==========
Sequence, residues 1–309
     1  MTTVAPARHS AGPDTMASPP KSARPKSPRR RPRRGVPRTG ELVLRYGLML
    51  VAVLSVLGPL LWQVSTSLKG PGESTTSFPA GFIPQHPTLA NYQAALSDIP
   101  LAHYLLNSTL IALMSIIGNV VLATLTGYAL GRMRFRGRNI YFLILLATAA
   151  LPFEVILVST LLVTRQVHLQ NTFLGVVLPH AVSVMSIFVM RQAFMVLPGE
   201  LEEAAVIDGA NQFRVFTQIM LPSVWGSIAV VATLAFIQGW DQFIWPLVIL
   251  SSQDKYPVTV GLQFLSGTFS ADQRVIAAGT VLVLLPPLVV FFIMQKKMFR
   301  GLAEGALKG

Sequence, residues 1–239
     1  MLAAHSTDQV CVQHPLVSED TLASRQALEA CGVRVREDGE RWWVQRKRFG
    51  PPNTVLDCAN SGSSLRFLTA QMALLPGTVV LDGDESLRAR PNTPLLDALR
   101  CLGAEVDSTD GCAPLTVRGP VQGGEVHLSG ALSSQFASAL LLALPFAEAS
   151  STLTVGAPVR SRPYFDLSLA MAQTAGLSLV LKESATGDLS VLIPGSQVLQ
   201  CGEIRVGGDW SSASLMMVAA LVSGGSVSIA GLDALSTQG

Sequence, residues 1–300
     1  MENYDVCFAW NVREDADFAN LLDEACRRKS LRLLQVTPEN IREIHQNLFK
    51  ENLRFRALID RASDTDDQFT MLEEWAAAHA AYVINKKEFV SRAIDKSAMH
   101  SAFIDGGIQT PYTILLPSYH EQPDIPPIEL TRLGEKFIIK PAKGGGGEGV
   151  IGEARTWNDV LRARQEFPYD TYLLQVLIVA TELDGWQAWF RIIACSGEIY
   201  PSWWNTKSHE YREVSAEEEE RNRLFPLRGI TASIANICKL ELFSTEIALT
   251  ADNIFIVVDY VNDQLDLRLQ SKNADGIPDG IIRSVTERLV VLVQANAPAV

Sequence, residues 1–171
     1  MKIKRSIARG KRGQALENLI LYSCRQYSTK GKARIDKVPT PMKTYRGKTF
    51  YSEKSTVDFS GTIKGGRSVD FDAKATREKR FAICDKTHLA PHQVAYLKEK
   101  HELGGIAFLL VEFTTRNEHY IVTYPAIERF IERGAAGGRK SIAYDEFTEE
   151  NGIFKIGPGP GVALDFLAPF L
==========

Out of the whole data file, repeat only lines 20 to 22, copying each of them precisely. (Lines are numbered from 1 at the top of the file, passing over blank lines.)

   201  PSWWNTKSHE YREVSAEEEE RNRLFPLRGI TASIANICKL ELFSTEIALT
   251  ADNIFIVVDY VNDQLDLRLQ SKNADGIPDG IIRSVTERLV VLVQANAPAV

Sequence, residues 1–171